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The Robber Barons of Bali

Community Leaders and Tourism Authorities Question the Motives of Modern Tourism Practitioners in Bali.

(10/14/2006) A tourism dialogue conducted among leading authorities on Bali's tourism at the Udayana University on Tuesday, October 10, 2006, suggested that the island has no shortage of "robber barons" focused only on personal profit with little regard for the sustainability of local tourism.

Anthropologist I Wayan Geria suggested that Bali had entered into its present downturn and devastated state over the past twenty years, and is now badly in need of "recovery" efforts. In the current period, complained Geria, many tourism players are only interested in what they can "rob" and "steal" from Bali.

According to Geria, there are two distinct groups now operating in Bali tourism. The first group is comprised of those who make a meaningful contribution to Bali, while members of the second group are only concerned with how they can wrest from the island. Geria added: "The group who make significant contributions to Bali is relatively small while the majority (of tourism practitioners) only think what they can 'rob' from the island."

He explained that while the concept of "cultural tourism" was set out and elaborated in the local tourism laws promulgated in 1974, the principle, however, remains largely unachieved in practice.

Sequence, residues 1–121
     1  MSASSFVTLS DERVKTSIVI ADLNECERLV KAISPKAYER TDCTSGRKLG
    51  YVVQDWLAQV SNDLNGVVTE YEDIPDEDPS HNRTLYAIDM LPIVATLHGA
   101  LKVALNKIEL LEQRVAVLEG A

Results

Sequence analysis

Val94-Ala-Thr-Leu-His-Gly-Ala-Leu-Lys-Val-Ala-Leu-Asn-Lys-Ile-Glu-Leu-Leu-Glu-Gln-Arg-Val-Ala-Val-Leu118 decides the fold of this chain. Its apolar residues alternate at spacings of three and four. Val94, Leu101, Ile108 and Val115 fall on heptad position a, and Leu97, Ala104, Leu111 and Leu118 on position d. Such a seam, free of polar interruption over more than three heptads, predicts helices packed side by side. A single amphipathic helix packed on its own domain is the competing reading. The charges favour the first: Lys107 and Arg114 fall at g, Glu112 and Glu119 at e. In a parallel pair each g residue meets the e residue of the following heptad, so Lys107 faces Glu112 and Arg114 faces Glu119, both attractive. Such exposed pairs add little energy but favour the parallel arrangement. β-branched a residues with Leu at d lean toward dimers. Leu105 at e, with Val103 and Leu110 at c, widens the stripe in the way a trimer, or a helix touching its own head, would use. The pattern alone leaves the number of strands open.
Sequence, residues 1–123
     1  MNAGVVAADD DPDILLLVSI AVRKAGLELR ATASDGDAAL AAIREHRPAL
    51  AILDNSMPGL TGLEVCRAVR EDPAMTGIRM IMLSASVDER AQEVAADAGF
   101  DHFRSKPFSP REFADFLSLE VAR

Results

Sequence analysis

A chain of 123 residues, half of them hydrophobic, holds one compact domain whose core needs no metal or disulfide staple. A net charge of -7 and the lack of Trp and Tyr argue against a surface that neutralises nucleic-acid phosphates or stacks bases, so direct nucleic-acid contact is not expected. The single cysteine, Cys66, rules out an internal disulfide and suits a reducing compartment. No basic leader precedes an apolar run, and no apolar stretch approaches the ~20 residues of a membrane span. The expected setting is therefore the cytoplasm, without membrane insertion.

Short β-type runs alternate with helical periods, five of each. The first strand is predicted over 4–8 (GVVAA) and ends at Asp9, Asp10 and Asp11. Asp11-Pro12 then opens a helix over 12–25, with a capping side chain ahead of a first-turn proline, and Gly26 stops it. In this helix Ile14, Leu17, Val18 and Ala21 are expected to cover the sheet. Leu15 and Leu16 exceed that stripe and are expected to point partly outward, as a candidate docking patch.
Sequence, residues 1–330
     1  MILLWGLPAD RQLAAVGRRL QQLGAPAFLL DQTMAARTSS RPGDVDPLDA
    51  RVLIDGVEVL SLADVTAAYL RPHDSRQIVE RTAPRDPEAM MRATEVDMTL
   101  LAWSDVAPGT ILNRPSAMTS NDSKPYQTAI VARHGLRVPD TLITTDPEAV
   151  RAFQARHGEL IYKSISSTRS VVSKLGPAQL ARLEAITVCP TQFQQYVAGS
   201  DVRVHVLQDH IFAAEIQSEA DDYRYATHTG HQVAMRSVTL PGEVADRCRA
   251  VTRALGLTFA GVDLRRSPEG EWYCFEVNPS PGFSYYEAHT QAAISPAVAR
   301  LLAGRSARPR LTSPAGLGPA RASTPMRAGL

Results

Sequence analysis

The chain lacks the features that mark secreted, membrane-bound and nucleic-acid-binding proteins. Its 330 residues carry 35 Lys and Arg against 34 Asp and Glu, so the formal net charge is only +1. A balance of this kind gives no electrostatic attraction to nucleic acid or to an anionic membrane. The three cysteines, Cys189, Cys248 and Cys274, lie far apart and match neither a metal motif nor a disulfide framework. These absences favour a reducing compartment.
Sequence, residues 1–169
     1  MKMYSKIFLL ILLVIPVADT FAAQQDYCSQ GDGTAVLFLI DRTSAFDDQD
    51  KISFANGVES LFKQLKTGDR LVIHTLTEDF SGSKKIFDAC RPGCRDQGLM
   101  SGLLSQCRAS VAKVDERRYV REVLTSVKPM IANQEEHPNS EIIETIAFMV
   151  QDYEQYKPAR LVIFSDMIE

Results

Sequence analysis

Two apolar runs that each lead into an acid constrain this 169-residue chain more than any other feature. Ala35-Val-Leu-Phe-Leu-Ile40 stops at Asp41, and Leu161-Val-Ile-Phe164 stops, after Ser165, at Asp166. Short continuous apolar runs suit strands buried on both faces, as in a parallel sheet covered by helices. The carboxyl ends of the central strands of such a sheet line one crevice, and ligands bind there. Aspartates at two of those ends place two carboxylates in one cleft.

A Crisis of Ethics and Morality Driven by Money

Geria pointed to a crisis in ethics in Bali tourism, claiming the crisis has its roots in tourism being rendered into little more than a commercialized commodity, as demonstrated in the increase in property sales; and the exploitation of water, land, forest and mountain resources.

At the same time there has developed an easy readiness to tolerate any changes demanded by tourism. This has resulted in an erosion of community ethics as regards environmental standards, economic standards and standards of human morality.

Another tourism and community leader, Professor Dr. Adnyana Manuaba, traced Bali's current problems back to 1986 and the increasing competition for natural resources, pressures on the environment, and the displacement of culture. The noted academic said there was a need for a common perception between the various elements of the tourism sector that provides for the interests of the agricultural and small industry sectors.